In the light of historical experience the idea of government control over a nation’s industrial resources is an interesting one, especially since it is apparently being offered now as a brave progressive step toward economic utopia.

The fact is that such a proposal is neither brave, new or very progressive. State control of the means of production is usually associated with communism — a theory advocated by the extreme left side of the political spectrum. The idea is Marxist in its conception, but it was a man named Benito Mussolini, hardly a liberal saint, who developed it into a working reality, all the while professing a vague belief in private enterprise.

A great show was made of utilizing all productive forces of the nation by combining politics with economics in Mussolini’s Italian “corporative state.”

He tried to produce a social paradise by organizing producers into nine syndicates — four for employers and four for employes, in agriculture, industry, credit and commerce, plus one for professional men and artists. These syndicates were responsible for wages, working conditions and industrial relations. They also exercised a measure of control over production.

The fascist constitution gave the syndicates power to “fix fair prices” on the basis of “reasonable profits.” They could adjust wages “to meet the normal requirements of life and assure a fair price to the consumer.” In short, the state had total power to regulate prices, profits and wages.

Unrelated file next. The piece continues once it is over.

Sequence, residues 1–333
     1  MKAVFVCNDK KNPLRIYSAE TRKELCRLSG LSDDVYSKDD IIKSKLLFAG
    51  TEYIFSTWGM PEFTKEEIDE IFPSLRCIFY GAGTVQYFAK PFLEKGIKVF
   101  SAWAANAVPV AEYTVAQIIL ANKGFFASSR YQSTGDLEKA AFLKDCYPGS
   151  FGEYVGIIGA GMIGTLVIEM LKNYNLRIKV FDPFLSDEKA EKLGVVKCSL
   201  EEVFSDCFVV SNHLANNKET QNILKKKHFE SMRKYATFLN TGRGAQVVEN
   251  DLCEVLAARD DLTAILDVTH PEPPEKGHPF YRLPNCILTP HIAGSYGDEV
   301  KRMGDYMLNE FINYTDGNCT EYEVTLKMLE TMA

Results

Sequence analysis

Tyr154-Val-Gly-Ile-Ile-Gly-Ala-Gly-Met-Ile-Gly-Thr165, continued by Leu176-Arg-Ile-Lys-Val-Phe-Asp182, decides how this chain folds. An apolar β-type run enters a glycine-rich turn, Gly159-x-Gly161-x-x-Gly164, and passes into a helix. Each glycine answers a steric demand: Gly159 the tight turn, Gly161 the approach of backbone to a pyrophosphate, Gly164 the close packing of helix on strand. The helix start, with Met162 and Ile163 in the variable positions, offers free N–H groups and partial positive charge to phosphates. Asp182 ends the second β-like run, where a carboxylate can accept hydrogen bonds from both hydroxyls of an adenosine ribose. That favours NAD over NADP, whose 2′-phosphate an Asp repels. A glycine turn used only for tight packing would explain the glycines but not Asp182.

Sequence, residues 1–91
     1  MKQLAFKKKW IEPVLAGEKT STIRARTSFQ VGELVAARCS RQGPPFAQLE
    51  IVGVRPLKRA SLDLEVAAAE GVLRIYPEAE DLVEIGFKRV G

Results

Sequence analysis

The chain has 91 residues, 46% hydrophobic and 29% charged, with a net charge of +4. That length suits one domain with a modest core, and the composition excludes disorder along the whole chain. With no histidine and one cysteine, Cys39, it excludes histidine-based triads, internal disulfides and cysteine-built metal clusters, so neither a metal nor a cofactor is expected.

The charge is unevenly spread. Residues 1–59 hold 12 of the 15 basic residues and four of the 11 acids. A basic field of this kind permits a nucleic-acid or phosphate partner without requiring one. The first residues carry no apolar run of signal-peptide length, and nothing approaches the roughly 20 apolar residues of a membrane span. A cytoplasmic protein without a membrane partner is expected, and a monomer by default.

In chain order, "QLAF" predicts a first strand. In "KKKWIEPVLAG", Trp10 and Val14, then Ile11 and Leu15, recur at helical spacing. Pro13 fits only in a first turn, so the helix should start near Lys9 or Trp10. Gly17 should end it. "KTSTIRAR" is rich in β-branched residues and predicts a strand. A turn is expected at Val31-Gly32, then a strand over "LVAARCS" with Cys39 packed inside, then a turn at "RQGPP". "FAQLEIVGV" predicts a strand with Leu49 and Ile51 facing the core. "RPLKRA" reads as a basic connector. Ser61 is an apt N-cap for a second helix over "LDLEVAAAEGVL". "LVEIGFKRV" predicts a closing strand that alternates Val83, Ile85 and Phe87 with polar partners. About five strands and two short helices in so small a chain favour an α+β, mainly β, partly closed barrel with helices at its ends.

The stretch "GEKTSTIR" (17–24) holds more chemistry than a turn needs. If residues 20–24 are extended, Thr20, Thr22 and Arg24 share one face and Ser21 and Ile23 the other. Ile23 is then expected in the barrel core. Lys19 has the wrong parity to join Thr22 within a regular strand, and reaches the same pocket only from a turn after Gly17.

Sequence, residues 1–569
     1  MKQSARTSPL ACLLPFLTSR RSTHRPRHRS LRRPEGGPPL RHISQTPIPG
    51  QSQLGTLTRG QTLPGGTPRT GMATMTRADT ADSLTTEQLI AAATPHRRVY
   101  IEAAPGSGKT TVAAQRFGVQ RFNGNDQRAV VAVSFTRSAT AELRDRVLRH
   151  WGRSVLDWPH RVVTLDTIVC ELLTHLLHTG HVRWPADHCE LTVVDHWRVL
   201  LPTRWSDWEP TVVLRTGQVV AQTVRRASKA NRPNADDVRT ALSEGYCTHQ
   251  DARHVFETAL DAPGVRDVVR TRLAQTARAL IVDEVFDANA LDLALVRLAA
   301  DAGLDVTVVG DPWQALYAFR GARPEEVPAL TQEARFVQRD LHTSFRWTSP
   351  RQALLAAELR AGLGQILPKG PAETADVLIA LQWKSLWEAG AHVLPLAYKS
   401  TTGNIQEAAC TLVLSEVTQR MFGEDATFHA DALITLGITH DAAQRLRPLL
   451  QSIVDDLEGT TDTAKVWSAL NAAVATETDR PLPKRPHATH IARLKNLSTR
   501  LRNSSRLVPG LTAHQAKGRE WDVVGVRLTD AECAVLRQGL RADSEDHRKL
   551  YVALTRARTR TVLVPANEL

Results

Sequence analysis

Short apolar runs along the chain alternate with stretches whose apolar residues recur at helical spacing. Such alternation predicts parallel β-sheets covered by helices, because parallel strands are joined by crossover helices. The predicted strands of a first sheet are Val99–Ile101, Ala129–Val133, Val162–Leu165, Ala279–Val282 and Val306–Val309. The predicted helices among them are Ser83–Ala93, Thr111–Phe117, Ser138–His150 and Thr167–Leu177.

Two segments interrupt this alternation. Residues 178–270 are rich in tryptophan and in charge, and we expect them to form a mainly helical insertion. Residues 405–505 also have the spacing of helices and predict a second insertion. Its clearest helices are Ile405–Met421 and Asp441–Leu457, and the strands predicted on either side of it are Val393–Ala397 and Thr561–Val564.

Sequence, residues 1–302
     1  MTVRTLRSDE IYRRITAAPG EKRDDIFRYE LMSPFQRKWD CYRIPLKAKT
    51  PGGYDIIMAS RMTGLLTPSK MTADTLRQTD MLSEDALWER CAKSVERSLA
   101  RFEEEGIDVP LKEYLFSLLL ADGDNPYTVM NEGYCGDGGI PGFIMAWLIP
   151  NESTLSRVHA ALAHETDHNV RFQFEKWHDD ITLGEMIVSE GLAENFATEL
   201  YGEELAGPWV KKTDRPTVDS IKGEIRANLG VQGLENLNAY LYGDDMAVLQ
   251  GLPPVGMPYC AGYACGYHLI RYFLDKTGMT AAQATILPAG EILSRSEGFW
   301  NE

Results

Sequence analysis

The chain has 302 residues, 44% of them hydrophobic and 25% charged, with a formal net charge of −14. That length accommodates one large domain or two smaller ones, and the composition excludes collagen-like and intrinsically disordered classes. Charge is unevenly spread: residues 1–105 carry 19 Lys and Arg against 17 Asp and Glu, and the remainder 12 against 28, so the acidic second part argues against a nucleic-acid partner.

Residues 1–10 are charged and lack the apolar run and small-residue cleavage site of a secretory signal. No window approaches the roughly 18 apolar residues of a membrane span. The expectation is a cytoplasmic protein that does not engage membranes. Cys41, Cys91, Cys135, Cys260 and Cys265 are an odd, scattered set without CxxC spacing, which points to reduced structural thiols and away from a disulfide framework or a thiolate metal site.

Economic life was further organized and controlled by the formation of 22 corporations or guilds, each to be concerned with all phases of production in one field — such as cereals, mining, internal communications, the tourist industry and so on. Mussolini, representing the state, was head of each corporation and of the national council of corporations. He appointed ministers of corporations who were nominal directors of the system.

Eventually the chamber of corporations, plus a collection of other party hacks, took the place of Italy’s parliament. As head of the ruling party and the corporations, Mussolini could legislate by degree and depend on the chamber for confirmation.